Cannabis advocates discuss marketing ideas and the future of weed in Humboldt
The future for Humboldt county is dope and those in the cannabis industry got together to brainstorm ways to market what some consider “the dopest dope you’ll ever smoke.”
A panel of cannabis professionals held a discussion on the future of the industry March 28 at the Humboldt Patient Resource Center’s Connection studio in Eureka. One of the panelists was Siobhan Danger Darwish, owner of Blessed Coast Farms and the first person in the state to receive a growing permit.
“We need to capitalize on the name Humboldt and the fact that we have been doing this for generations.”
“Who has a better story line than Humboldt county? No one, use that guys,” Darwish said. “We need to capitalize on the name Humboldt and the fact that we have been doing this for generations. We need to educate on sun-grown cannabis.”
Darwish stressed the importance of social media and its potential to reach a wide audience. She runs Instagram and YouTube accounts called Grow Sisters where she provides tutorials on how to “grow your own” and other cannabis-related DIY projects.
Darwish is “a second-generation, black-market cannabis farmer” and decided to come to the legal side of the cannabis world in 2016. Darwish stressed that the future for Humboldt county cannabis farmers is collaboration.
“Let me come to your farm, I will smoke your product,” Darwish said. “I will tell my 65,000 followers what your product tastes like.”
Darwish went on to stress the importance of educating the public about sun-grown cannabis and how businesses and dispensaries should sponsor small farmers. Bryan Willkomm represented HPRC at the panelist table and has said that HPRC has been working closely with farmers since their beginning in 1999. Willkomm said that the future of cannabis in Humboldt county is “bright and beautiful,” but those in power have to step up.
“For a future regulations standpoint, we need a tasting room,” Willkomm said. “I can’t have you sample something without buying $40 of it. So, allowing farmers to have some sort of tasting or events, will really help bring more exposure to our farms and community.”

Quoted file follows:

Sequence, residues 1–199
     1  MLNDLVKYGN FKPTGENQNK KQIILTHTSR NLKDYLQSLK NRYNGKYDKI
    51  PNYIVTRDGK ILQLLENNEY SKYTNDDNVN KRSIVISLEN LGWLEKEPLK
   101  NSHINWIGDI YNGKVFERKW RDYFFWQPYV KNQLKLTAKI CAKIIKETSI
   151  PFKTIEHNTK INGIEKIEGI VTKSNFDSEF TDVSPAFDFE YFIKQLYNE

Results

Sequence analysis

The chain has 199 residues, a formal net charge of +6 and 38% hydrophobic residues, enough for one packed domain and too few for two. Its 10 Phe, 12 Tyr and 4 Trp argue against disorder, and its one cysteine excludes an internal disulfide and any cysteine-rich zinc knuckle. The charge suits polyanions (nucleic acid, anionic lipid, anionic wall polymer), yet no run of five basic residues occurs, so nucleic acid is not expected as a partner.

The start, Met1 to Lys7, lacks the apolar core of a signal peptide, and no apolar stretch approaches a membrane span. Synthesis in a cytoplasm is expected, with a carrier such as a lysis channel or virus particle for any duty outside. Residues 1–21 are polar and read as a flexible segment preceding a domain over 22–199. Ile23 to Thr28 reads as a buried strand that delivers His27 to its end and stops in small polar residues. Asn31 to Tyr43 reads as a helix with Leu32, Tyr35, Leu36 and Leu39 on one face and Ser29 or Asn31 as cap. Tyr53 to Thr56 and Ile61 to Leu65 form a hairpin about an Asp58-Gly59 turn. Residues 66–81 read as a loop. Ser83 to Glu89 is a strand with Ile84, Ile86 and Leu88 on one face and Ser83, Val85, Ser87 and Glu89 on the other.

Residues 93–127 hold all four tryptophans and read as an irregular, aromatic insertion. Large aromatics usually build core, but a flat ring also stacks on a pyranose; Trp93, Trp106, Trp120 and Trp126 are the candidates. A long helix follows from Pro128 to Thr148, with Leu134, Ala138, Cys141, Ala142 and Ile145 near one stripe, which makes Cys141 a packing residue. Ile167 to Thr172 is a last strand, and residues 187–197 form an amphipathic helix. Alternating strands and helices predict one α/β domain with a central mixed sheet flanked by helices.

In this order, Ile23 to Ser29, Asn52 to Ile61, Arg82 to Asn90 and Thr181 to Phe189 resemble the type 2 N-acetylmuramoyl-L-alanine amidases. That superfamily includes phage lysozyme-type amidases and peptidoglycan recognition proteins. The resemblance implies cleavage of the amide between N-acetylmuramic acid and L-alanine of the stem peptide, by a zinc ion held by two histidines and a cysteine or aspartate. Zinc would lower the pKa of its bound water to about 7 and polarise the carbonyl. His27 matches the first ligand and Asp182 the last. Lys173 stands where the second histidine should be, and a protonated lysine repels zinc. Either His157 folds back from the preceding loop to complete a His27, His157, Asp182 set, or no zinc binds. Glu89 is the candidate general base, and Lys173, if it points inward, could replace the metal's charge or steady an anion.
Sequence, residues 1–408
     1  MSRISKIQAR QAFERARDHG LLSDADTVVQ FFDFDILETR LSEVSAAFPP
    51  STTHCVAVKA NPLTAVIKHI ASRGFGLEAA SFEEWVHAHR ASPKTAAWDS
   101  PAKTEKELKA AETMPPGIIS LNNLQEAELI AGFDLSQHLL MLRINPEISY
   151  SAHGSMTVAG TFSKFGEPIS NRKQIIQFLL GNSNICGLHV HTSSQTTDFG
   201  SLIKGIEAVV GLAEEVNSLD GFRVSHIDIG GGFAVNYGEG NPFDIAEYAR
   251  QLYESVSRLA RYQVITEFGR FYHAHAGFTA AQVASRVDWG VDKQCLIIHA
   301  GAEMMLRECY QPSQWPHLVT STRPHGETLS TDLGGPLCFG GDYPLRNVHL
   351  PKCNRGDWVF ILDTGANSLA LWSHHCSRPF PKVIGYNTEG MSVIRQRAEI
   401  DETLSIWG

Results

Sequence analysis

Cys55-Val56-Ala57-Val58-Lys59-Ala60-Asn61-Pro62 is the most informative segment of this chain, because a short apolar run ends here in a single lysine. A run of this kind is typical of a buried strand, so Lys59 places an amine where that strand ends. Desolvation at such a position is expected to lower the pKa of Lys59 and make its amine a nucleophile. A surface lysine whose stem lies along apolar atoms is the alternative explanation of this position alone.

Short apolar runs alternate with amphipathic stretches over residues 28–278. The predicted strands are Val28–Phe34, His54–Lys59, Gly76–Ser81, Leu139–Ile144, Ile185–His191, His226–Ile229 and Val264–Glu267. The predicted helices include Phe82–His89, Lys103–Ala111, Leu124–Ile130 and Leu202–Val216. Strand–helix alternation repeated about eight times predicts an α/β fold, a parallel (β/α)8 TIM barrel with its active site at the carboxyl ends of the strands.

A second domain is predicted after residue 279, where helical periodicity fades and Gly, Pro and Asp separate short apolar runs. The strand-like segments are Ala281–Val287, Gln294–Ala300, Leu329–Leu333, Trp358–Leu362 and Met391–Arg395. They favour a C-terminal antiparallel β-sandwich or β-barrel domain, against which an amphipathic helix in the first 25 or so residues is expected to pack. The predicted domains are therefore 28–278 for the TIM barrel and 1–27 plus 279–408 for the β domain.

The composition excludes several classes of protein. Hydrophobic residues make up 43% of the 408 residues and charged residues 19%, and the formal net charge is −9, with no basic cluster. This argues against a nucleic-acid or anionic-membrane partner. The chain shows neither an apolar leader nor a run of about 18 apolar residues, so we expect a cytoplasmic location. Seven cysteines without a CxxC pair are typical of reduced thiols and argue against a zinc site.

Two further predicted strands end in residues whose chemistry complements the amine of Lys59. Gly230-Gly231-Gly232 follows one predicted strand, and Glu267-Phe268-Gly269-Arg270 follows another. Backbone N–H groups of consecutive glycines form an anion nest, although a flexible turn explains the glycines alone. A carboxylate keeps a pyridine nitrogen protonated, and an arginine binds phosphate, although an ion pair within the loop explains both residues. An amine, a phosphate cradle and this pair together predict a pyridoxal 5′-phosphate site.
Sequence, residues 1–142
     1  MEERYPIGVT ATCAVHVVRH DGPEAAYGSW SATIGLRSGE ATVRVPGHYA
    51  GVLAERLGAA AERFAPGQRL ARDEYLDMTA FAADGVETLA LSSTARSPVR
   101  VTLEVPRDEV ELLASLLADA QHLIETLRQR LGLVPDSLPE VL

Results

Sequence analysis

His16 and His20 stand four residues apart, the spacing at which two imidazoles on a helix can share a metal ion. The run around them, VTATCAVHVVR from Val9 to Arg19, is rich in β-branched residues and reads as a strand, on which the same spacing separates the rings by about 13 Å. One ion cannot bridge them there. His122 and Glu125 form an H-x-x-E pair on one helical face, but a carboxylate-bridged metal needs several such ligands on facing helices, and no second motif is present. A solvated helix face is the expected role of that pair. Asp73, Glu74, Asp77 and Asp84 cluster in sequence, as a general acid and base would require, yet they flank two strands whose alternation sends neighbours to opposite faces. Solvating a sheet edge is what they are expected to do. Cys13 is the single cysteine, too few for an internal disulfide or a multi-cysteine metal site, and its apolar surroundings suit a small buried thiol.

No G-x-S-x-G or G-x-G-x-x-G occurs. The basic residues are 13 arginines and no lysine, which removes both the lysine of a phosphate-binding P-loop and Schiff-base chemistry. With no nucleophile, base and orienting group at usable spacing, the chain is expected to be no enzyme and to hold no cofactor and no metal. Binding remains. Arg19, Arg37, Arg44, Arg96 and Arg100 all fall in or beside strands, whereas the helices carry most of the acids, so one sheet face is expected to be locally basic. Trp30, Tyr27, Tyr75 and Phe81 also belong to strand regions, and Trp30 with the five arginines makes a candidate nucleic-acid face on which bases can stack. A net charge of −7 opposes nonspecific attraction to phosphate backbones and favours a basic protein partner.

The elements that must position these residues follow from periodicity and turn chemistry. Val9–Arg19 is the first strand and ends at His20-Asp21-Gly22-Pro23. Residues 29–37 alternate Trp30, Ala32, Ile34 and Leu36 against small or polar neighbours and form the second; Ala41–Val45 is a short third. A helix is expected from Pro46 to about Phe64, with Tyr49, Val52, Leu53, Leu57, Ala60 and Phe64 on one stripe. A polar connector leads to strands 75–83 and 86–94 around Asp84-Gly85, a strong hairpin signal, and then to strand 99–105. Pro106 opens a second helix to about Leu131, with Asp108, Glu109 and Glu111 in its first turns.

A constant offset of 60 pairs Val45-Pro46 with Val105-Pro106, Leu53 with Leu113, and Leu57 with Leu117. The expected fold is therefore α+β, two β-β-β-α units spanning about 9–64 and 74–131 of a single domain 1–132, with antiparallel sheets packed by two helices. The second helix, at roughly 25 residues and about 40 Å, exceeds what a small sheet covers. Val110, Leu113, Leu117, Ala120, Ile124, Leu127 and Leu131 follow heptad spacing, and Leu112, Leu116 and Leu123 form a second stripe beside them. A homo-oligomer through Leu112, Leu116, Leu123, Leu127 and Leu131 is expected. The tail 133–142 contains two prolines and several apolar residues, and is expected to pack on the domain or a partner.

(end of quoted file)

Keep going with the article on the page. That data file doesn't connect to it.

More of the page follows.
Willkomm said he believes the future of cannabis is linked with ecotourism for Humboldt county and that cannabis can be used as an amplifier for those experiences. He went on to say that the county administrators need to focus on transportation access, with an emphasis on airport and road infrastructure to help alleviate the isolation of Humboldt county. Rachel Moore represented the Humboldt County Office Economic Development at the panelist table and stressed the importance of Project Trellis in Humboldt’s cannabis future.
“The main way to help out in terms of legislation is to vote. We need to let people know that yes, your vote does matter.”
Project Trellis was implemented on March 12 as way for the county to help farmers negatively impacted by prior marijuana laws. Project Trellis will allow $340,000 in micro grants for farmers as well as $1.19 million in funds for a Humboldt county cannabis marketing scheme with a focus on markets in San Francisco, Los Angeles and San Diego.
“Part of Project Trellis is to listen and engage in dialog, so we can help inform the process,” Moore said. “The supervisors are interested in protecting the Humboldt brand. That is an important piece. We are here to be a part of the conversation.”
Jaleel Abdul-Ali, an HSU student majoring in kinesiology, attended the event to offer insight as a patient and consumer.
“The consumer can help out in terms of advocating for the whole industry,” Abdul-Ali said. “The main way to help out in terms of legislation is to vote. We need to let people know that yes, your vote does matter.”